GRDA offering training on stormwater construction inspections

Oct 10, 2022

Image of a construction site with failing erosion control. A free workshop, offered by GRDA later this month will cover best practices for proper erosion control.

The Grand River Dam Authority is offering a free training for contractors, municipal staff and anyone who has responsibility for inspecting and/or installing erosion and sediment control on construction sites. The training will be held on October 25, 2022, at the GRDA Ecosystems and Education Center in Langley from 9am – 3:30pm, with lunch provided. An online option will also be available. To register visit

The training will cover what to include in a stormwater pollution prevention plan, who has the responsibility to inspect, how to properly install best management practices, how to conduct an inspection and a brief overview of the history of stormwater regulation and applicable laws.

Erosion from agriculture land, stream or shoreline erosion, yards with no or limited grass and constructions sites causes sediment to flow into waterways during a rain event causing sedimentation in our lakes, rivers, and streams. The best way to prevent erosion is to ensure soil is always covered, either by vegetation or other type of cover. If that is not possible, as it often is on a construction site, the best way to prevent sediment from leaving the site is to install best management practices such as silt fence, compost filter socks or sediment basins.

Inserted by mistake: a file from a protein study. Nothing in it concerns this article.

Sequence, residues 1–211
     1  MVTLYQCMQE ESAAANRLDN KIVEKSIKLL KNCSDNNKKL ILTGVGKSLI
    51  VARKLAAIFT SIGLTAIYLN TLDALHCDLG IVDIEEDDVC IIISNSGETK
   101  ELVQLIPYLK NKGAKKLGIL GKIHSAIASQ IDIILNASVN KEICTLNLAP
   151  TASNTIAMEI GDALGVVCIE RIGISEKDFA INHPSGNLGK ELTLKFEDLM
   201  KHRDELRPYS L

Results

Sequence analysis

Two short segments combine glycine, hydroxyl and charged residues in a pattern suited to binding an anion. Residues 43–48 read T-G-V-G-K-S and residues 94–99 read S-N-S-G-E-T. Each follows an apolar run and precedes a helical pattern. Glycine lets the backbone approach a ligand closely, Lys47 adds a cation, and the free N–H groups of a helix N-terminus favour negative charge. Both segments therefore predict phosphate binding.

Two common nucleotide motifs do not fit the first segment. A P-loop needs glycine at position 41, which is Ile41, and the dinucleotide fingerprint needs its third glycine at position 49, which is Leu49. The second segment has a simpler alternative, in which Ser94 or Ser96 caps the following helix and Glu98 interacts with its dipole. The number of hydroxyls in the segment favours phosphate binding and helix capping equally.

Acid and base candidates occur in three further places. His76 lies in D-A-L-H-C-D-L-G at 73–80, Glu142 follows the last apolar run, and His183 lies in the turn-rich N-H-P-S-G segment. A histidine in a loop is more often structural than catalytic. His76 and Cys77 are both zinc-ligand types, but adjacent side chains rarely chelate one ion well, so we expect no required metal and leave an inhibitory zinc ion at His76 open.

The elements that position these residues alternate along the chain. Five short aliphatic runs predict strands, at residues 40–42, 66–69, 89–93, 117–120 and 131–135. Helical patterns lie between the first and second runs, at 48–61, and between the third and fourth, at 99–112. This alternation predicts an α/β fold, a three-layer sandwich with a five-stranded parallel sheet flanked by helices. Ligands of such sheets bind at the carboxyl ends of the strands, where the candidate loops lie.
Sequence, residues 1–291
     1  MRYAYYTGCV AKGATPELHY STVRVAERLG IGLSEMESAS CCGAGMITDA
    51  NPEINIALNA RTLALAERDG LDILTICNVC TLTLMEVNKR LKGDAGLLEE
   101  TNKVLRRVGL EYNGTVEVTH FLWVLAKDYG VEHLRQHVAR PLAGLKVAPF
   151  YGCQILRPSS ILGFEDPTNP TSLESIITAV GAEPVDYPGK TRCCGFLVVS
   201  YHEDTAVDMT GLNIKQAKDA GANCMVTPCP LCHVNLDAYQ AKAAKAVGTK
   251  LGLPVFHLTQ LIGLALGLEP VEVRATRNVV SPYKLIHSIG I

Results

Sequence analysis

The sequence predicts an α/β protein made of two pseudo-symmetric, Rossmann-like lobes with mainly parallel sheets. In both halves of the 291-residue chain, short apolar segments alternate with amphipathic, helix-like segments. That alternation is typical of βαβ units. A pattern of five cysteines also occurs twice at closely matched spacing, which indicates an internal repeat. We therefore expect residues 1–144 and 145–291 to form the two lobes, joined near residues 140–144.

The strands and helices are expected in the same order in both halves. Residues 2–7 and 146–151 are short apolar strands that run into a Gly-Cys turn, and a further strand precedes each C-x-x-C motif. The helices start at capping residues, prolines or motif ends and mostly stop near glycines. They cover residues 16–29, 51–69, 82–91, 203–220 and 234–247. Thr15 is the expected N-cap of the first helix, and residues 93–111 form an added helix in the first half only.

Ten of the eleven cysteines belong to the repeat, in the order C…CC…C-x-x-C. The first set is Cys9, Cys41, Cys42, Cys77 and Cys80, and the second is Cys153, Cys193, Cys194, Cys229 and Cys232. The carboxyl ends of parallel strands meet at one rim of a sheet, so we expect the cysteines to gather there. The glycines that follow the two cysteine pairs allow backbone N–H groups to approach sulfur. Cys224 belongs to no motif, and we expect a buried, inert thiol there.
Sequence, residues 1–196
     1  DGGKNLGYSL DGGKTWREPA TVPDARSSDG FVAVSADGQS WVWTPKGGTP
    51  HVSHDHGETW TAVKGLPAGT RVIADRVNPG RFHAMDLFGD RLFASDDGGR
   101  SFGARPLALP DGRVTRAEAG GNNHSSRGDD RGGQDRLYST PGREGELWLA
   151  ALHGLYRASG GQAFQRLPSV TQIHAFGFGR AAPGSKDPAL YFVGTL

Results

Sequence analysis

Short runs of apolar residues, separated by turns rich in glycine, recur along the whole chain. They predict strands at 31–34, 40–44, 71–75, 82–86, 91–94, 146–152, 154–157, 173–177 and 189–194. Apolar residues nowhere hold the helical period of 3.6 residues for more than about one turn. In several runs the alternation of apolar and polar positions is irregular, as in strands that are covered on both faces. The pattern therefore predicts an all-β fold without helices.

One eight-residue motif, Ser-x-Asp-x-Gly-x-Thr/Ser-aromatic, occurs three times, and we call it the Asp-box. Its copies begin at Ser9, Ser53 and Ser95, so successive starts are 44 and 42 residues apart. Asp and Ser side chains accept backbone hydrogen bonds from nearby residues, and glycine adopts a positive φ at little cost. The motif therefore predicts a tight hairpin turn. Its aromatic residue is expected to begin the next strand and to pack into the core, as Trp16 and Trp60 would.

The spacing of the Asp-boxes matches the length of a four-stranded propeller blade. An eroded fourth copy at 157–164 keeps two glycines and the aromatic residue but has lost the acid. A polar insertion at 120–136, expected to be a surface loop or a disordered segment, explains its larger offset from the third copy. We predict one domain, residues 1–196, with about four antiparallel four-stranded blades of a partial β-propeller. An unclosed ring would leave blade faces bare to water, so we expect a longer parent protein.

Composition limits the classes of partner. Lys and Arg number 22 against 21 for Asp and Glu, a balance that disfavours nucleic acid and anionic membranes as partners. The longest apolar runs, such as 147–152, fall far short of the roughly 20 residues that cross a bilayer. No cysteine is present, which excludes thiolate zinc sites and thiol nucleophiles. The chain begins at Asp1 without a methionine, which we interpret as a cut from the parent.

To help ensure erosion doesn’t leave a construction site, the Oklahoma Department of Environmental Quality requires construction sites that disturb one or more acres of land to have a stormwater pollution prevention plan and obtain a stormwater construction permit (OKR10). If you are building on agriculture land, such as a new barn that will disturb one or more acres of land then the Oklahoma Department of Agriculture, Food and Forestry requires a stormwater construction permit be obtained from them.

“Not only does sediment reduce the holding capacity of our lakes, but it can also carry nutrients with it, resulting in increased algal blooms,” said Darrell Townsend, vice president of GRDA’s ecosystems and watershed management department. “While during this time of drought we aren’t seeing runoff happening, it is important that contractors are prepared for when the rain does return to reduce any impacts to our waterways.”

For more information on the training contact GRDA’s Jeri Fleming at or 405-334-6343.